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Al-Hakim Mosque Al-Hakim Mosque
Photo by Gamil Mahmoud
© 2009 Your Egypt

Al-Hakim's mosque is just adjacent to the city's Fatimid wall along Bab El-Fetouh. The mosque was completed by Al-Hakim in 990.

Al-Hakim bi Amr Allah (literally: ruler by god's command) had an eccentric character. He was renown by odd decisions. He ordered women to stay inside homes and enforced that by ordering shoemakers not to make sandals for them. He poured wine and honey in the Nile and ruined grape farms. He once had all dogs of Cairo killed and was sentencing people to death for minor charges.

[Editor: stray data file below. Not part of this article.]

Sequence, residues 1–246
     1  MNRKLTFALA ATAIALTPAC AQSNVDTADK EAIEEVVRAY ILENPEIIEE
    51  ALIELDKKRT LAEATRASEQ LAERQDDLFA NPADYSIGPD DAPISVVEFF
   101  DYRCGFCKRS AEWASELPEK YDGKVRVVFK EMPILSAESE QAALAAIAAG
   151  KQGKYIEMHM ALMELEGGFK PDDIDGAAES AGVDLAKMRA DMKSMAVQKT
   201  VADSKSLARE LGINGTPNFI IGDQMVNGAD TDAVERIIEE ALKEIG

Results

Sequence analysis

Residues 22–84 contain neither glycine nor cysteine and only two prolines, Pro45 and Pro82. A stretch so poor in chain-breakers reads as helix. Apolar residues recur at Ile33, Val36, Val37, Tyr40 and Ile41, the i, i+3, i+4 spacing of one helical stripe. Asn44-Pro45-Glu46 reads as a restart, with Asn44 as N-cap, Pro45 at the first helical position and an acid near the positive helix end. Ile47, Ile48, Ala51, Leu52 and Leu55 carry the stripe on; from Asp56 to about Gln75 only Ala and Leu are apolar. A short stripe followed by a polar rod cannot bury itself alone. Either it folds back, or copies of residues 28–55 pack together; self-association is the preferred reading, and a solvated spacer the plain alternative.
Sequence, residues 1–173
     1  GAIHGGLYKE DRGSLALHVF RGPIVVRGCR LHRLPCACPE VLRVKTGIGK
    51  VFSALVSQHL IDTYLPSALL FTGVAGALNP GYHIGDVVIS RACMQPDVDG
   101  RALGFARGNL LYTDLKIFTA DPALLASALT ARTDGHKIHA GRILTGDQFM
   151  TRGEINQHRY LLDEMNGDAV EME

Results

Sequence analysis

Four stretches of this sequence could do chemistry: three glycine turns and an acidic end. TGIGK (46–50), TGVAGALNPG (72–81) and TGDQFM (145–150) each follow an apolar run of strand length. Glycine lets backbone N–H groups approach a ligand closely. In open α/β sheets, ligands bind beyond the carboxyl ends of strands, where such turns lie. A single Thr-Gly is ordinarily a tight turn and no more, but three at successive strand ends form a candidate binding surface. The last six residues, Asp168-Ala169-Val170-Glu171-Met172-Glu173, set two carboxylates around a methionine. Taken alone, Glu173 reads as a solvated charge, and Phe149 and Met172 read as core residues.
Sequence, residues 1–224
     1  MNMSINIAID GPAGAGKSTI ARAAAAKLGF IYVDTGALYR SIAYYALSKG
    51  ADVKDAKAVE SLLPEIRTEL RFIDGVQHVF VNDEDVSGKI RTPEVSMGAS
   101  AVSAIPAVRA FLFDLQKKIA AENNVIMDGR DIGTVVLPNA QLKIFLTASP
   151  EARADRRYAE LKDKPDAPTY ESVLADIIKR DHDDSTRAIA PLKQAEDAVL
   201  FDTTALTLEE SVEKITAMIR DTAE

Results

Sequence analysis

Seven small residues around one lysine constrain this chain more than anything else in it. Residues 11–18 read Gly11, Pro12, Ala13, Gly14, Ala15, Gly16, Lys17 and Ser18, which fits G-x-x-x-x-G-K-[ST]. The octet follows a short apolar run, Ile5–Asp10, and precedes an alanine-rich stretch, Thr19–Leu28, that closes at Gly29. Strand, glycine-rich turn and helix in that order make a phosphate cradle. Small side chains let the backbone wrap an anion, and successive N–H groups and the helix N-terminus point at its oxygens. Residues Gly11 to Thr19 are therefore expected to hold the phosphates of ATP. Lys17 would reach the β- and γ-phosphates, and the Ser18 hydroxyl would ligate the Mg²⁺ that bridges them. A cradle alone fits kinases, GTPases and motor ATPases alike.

Al-Hakim, who used to wander alone at night on his donkey in the Muqattam hills, mysteriously disappeared one night, probably killed. A vizierWhat does it mean? of him called Darazi fled to Syria where he preached his divinity, founding the DruzeWhat does it mean? sect.

Al-Hakim's mosque was barely used for religious services throughout history. It was used as a prison for crusaders, a stable by Saladin, a warehouse by Napoleon and a school by President Gamal Abdel Nasser.

The mosque was recently restored by a Shi'iteWhat does it mean? sect in the early 1980s and the interiors of the mosque was changed by modern decorations.
The minaretsWhat does it mean? were restored in 1303 after an earthquake damaged them.

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Lithograph 1




Old Photo 1


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